When is a policy one of marine insurance?
by Andrew Tulloch
The answer to this question is clearly not an easy one, as the High Court of Australia were divided 3:2 on the issue in the case of Gibbs v Mercantile Mutual Insurance (Australia) Limited  HCA 39. A narrow majority decided in favour of the insurer, that a policy which provided third party liability cover for a paraflying operation was indeed a marine policy.
The action itself arose out of an accident which occurred on estuarine waters of the Swan River. In an endeavour to land a parasailer, the boat driver came too close to the shore and dragged the parasailer through trees, causing her to suffer severe injuries.
The policy under consideration was one which was described as a 'marine pleasurecraft policy' when originally issued to cover a 17 ft runabout ski boat used for a business described as 'commercial paraflying'. The policy also provided third party liability cover. When the policy was subsequently renewed with third party liability cover only, its characterisation as a marine policy theoretically became more difficult.
Many breaches of the policy were alleged by the insurer. Whether the policy was governed by the Marine Insurance Act 1909 (Cth) or by the Insurance Contracts Act 1984 (Cth), was relevant to the consequences of alleged policy breaches and non-disclosure. The Insurance Contracts Act would provide a more consumer-friendly result, while the Marine Insurance Act would be somewhat more helpful to the insurer's position.
The majority found that the policy, although covering liabilities only, was nevertheless one which was a contract to indemnify the insured against losses incident to marine adventure. 'The relevant marine adventure was exposing the owners of, or other persons interested in or responsible for, the craft to liability by reason of maritime perils.' (per Hayne & Callinan JJ at p 199).
As Gleeson CJ stated:
'Subject to the argument about 'sea' it was plainly a contract of marine insurance. When, upon renewal … the cover was reduced to third party liability cover the character of the policy was not thereby transformed. The scope of the losses incident to marine adventure governed by the policy was reduced, but they remained primarily losses arising out of events occurring in the course of the navigation of the vessel.'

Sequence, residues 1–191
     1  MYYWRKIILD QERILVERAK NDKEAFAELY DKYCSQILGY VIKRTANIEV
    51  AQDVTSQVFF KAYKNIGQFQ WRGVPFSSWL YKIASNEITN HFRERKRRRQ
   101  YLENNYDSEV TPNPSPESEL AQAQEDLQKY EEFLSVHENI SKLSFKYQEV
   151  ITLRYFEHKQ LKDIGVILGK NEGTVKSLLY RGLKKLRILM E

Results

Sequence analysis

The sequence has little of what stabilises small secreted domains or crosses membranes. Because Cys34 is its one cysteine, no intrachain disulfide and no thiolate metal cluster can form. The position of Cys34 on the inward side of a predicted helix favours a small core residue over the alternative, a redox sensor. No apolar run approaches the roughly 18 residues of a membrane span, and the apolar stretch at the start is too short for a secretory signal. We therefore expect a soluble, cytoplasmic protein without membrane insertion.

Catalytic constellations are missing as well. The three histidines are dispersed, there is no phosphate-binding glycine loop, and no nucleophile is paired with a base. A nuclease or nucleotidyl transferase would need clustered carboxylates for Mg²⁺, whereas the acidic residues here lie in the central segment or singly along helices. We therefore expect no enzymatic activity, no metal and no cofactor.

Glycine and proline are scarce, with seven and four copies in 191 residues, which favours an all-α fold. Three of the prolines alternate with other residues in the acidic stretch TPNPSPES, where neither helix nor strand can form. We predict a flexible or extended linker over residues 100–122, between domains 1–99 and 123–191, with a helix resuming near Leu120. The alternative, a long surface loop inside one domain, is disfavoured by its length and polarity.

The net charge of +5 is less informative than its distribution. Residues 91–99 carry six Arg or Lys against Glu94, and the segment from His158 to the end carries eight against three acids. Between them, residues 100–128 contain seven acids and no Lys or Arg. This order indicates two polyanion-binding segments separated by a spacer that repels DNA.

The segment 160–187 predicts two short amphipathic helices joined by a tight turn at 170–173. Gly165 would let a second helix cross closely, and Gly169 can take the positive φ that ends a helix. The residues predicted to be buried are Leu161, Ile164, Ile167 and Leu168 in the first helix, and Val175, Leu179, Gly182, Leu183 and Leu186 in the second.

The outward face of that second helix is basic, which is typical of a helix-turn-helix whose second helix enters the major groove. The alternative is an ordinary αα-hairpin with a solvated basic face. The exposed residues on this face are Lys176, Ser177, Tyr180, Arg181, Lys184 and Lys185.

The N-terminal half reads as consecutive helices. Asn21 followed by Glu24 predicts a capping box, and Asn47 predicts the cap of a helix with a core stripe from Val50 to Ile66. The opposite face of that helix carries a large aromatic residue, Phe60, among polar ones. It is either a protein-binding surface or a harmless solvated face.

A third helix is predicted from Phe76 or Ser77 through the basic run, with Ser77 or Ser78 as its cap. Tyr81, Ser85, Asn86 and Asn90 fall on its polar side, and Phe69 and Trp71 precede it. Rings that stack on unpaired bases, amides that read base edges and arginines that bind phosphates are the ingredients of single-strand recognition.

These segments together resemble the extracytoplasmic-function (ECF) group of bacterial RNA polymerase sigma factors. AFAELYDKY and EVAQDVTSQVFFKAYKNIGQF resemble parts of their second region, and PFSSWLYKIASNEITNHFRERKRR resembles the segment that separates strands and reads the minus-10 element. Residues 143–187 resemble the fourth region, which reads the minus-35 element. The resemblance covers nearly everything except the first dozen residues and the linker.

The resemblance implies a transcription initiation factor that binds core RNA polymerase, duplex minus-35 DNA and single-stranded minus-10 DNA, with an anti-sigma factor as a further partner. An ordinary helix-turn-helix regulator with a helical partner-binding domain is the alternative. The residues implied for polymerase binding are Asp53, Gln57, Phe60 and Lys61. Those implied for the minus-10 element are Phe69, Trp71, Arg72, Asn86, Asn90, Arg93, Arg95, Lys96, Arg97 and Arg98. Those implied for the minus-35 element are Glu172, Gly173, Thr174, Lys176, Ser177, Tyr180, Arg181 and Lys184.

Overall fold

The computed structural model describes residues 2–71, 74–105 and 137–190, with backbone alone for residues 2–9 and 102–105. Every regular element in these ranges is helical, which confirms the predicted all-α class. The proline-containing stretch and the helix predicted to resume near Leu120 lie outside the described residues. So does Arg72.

The majority also found that the Full Court of the Supreme Court of Western Australia had correctly adopted the view that the accident occurred on the 'sea', that not being limited to the open ocean, but rather being waters within the ebb and flow of the tide.
The dissenting judges, McHugh and Kirby JJ both took the view that as the insured vessel was never intended to operate on the open sea that the Marine Insurance Act could not apply. While they stated that it was not necessary for their decision, both also held that the Swan River estuary where the accident occurred was not part of the 'sea'.
Kirby J adopted the approach in Con-Stan Industries of Australia Pty Ltd v Norwich Winterthur Insurance (Aust) Ltd (1986) 160 CLR 226 in attempting to characterise the policy as a whole. He took the view that looking at the policy in its entirety in this way, the policy was best characterised as a business third party liability policy. Indeed, he went so far as to say that it seemed more connected with aerial activity than maritime activity!
Kirby J also seemed more comfortable than did the majority with the policy being one which should fall within the purview of the Insurance Contracts Act, and made a number of references to the work of the Law Reform Commission in relation to reform of the law of marine insurance.
The conclusion of McHugh J on the critical issues might not have carried the day but his judgment is nevertheless well worthwhile reading for all scholars of marine insurance, tracing in some depth the history of the law of marine insurance.
Since 1998 the application of the Insurance Contracts Act has been extended to private pleasure craft rather than being governed by the Marine Insurance Act. Clearly, however, the policy in this case concerned a commercial paraflying operation.
While the decision is of considerable interest to those involved in marine insurance in Australia and elsewhere, it is likely that it will not have much long term significance in Australia. The Australian Law Reform Commission has recommended that the application of the Marine Insurance Act in Australia be extended to cover losses occurring on inland waters. Whether those reforms will be adopted remains to be seen.
However, the likelihood is that this case will be of more academic interest than practical significance in Australia in the near future and may be more relied upon in foreign jurisdictions than it is at home.